Naco louvres help Savoy look the part

Naco, part of Ruskin Air Management, has helped make sure The Savoy look the part following its ground-breaking £100 million restoration.

Improvements to the hotel include a refit for all of its 268 bedrooms, nine floors, reception and extensive lift system. Naco’s louvres, which have been designed to fit in with the grandeur and style of the building, hide unsightly plant on the roofs of the 6th and 8th floor.


Supplied in Knock-Down (KD) form, built up on site, acoustic louvres and doors shield a plant room on the 6th floor; and on the 8th, lean back louvres do a similar job. Throughout the building, Naco restored existing louvres, matching new blades and brackets with their original counterparts to provide weather protection, including driven rain and storm winds, as well as improving the aesthetic appearance.

Due to the prestigious nature of the project, suppliers had to meet a challenging brief to ensure the hotel was brought up-to-date in a way that was appropriate and sympathetic to its 200 year-old heritage. All works had to be carried out while retaining original features.


The age of the building and these exacting requirements meant the project was not without its complications. Jeff Cooper, senior surveyor for the Chorus Group, which oversaw the restoration, explains: “As we stripped the building back unforeseen problems were revealed, particularly with the existing mechanical and electrical (M&E) systems. To this end, any suppliers we used had to react quickly to meet the continually changing requirements of the job.”

Its wide range of products, plus competitive pricing, meant that Naco was able to offer a range of potential solutions. “We were immediately impressed by Naco and have not been disappointed,” said Mr Cooper. “They have been positive and helpful throughout the entire project, consistently coming up with solutions to the issues that inevitably arose.

“Naco was able to react quickly to alterations to the brief; contributing their design and engineering expertise to ensure the louvres did their job, while also concealing equipment that would otherwise be visible and ruin the look of the building.”

Naco was involved at pre-tender stage and was required to produce a design solution from an early schematic design, which required a bespoke acoustic louvre system. The company’s 75 series of external metal louvres, manufactured from aluminium extrusions, were then selected and specifically adapted to meet the brief.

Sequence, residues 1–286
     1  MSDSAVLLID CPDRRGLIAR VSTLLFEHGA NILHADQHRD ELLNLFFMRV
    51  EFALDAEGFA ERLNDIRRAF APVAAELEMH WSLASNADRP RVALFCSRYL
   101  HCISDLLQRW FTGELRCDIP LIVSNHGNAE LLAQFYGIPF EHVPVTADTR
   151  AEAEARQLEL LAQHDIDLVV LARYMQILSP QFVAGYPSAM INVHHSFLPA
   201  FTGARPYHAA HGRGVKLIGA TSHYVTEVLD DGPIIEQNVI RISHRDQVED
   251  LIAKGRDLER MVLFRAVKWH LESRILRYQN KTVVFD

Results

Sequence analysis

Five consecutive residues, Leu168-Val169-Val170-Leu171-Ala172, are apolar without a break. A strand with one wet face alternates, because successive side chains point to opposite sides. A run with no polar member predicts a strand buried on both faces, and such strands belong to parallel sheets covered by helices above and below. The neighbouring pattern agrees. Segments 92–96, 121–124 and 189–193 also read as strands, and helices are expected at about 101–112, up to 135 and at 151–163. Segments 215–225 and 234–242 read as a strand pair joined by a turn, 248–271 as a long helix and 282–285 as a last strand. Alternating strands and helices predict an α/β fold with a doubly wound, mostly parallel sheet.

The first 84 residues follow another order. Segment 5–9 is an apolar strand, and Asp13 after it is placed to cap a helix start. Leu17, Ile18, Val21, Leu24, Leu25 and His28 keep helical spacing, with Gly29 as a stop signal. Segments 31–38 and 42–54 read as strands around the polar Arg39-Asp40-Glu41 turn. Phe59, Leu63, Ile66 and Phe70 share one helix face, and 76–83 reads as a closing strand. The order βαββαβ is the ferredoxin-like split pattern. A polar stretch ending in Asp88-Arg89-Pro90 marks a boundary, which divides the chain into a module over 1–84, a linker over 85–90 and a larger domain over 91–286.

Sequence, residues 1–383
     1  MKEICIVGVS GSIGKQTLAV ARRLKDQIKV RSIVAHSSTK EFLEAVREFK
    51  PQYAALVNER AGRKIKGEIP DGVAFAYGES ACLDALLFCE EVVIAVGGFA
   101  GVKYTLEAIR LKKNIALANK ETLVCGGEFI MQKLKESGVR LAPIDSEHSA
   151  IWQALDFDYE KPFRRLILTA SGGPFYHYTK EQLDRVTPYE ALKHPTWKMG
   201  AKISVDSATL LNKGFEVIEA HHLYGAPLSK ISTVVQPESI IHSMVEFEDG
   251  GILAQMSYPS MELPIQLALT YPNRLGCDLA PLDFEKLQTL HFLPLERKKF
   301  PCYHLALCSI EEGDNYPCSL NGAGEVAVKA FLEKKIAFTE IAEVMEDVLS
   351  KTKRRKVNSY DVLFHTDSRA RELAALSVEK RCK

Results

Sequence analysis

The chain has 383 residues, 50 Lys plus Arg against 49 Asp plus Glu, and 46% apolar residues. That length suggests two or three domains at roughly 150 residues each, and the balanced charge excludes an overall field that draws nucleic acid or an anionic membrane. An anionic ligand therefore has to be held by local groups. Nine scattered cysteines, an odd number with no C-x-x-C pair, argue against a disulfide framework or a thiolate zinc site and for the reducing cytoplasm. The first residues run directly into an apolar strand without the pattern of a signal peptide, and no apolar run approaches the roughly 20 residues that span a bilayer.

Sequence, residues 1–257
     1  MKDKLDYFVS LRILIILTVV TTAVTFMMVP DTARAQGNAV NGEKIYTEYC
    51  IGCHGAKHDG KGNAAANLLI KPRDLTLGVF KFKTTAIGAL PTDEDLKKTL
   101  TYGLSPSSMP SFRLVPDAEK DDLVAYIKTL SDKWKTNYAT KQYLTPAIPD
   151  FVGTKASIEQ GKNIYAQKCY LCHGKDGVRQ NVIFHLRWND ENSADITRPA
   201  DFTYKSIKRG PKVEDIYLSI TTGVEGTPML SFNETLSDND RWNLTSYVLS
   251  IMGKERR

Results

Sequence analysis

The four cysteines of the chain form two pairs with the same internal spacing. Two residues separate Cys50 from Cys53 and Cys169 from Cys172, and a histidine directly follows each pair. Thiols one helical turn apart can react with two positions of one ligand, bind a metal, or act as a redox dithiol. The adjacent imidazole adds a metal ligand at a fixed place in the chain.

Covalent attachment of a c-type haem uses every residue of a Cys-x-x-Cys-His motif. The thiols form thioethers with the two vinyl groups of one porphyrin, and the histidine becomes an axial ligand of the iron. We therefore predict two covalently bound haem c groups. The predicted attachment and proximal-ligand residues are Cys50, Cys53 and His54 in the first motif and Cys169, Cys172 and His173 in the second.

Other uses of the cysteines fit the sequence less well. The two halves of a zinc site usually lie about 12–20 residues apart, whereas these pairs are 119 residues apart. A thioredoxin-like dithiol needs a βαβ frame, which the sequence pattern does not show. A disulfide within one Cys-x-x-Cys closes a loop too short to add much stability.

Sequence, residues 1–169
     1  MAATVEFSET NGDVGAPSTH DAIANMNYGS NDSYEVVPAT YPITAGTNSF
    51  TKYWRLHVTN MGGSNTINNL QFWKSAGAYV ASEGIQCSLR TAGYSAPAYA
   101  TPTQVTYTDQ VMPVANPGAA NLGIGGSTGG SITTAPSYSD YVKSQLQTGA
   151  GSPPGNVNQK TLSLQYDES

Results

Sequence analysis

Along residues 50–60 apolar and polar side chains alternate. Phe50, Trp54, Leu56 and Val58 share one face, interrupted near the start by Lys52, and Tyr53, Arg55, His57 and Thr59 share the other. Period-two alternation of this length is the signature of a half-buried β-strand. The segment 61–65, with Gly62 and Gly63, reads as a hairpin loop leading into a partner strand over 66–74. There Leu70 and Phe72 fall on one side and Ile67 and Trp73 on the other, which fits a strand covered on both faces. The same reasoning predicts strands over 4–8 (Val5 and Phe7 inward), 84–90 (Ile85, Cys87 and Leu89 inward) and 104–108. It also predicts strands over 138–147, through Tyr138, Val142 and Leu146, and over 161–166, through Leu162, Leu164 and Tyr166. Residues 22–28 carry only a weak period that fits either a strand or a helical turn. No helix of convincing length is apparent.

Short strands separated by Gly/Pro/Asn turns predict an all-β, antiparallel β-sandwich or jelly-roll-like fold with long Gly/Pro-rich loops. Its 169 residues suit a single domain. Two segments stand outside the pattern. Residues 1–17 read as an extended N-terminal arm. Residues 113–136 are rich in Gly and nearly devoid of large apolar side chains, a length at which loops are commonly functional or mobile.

These fixed blade external louvres with 75mm blade spacing are suitable for a wide range of louvre assemblies where a ‘brick course’ line is required and are supplied in a continuous line standard construction. This was seen as the ideal approach for the roof area of the hotel and the ‘mill finish’ appearance blended in nicely.

The Naco louvres were produced in factory built panels before being coupled into the final assembly on site. This eased the installation process and avoided some of the access problems that can occur on a tight city centre site like the Savoy.

Naco supplied the louvres in 1.5m x 2.5m panels with rear mounted stiffener bars, which are fitted as standard to all louvres over 1.2m in width and connected to the blades with aluminium support clips. Stiffener bars do not interrupt the external continuous line appearance of the blades so meeting the aesthetic requirements of the project. The units also have reverse concealed mullions which project 45mm beyond the rear of the frame.

The Savoy is an extremely high-profile development, which required the Naco team to play its role as both designer and problem solver. The company has been supplying louvre solutions to the UK market since the early 60s and provides a full design, manufacture, supply and install service – including post-installation support. It also uses bespoke online sizing software to minimise potential design changes on site.

“Chorus rates the company highly and will definitely consider them for future work,” added Mr. Cooper.